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When talking about Vietnam we can not forget to mention about one special holiday in every single year. It is Lunar New Year (Tet Holiday).  Tet Nguyen Dan or Tet for short, is considered the biggest, the most important festival and public holiday in Vietnam.

Lunar New Year Festival often falls between late January and early February; it is among the most important holidays in Vietnam. Officially, the festival includes the 1st, 2nd and 3rd day in Lunar Calendar; however, Vietnamese people often spend about nearly a month to celebrate this special event. Therefore, celebration often last all the first month. Nowadays, the number of official days-off is three but festive moods hardly come off until at least ten days after the New Year's Day have passed. The specific days taken will depend on how the dates fall over a weekend, and extra days may be declared holidays to bridge to weekends. Our list of public holiday in Vietnam 2016 will show you this year's holiday arrangements.

 In 2015, Tet Nguyen Dan was on February 19th. It is the Year of Goat.

Tet in 2016 begins on February 8th and according to Vietnamese Zodiac , 2016 represents the Year of the Monkey. 2017 will be Year of the rooster; 2018, the Dog; 2019, the Pig; 2020, the Rat. Animals after that will be: the Buffalo, the Tiger, the Cat, the Dragon, the Snake, the Horse, the Goat and then back to the Monkey.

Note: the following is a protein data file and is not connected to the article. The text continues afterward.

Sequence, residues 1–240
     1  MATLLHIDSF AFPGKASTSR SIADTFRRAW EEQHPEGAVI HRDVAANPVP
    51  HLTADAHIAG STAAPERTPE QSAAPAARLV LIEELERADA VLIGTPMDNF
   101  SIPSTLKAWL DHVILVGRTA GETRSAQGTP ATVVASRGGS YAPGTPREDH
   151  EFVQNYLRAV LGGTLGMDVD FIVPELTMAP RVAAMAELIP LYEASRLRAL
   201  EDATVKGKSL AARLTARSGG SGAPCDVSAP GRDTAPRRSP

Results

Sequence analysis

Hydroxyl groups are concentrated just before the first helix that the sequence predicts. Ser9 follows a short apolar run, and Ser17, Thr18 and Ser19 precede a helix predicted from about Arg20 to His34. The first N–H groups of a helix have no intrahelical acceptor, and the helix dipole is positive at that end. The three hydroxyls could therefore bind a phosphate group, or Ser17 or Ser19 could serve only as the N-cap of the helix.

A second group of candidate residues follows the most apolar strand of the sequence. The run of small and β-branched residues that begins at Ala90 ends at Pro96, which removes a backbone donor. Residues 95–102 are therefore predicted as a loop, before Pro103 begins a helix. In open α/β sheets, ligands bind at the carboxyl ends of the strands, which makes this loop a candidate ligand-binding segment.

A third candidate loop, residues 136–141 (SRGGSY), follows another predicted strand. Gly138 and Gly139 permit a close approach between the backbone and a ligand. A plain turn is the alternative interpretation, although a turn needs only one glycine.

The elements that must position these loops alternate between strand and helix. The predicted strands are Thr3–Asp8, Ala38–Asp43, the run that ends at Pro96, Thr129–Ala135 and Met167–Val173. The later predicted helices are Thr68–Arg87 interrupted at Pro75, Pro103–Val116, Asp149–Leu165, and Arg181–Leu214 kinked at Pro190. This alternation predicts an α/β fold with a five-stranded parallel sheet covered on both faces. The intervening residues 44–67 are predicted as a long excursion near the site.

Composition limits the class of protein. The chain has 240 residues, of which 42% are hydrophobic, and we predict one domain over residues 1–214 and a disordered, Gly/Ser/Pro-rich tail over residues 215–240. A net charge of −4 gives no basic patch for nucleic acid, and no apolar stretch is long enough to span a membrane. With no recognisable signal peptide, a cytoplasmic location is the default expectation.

Tet Holiday is the biggest annual celebration of Vietnam which is hold on first 3 days of the first month in Lunar Calendar. During these days, people are welcome a new coming year with good health, lucks and success. Like Christmas Eve in the West, Tet Nguyen Dan is special time for family to reunite and celebrate together. People always try to return to their hometown to meet with their parents, siblings and relatives no matter how far away they live and work. Being unable to "return home" in New Year is considered a great misfortune. As the result, all means of transportation (airplanes, trains, couches) are crammed in this time of the year. It takes great effort to procure tickets but everyone find it rewarding nonetheless. Even those who have passed away are "invited" to return to enjoy Lunar New Year with the living. 

The first day of Tet is reserved for visiting family and relatives, the second day for special guests and close friends, and the third day for teachers, friends and business associates. After the initial greeting, visitors are served candied fruits and dried watermelon seeds. Tea, coffee, beer, champagne or whiskey are also offered, as well as more substantial fare, such as banh chung or banh Tet with pickled green onions, etc..